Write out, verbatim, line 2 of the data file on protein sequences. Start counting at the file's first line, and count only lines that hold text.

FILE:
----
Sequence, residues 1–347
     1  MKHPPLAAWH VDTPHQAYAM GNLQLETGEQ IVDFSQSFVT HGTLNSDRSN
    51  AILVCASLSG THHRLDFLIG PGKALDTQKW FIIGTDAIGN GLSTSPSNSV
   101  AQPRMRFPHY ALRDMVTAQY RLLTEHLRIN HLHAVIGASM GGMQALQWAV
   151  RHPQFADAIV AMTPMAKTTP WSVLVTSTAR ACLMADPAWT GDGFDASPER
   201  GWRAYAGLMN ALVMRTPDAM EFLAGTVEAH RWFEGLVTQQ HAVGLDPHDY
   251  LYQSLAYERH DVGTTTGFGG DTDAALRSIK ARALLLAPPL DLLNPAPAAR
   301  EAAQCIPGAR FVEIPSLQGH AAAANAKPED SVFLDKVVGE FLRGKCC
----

     1  MKHPPLAAWH VDTPHQAYAM GNLQLETGEQ IVDFSQSFVT HGTLNSDRSN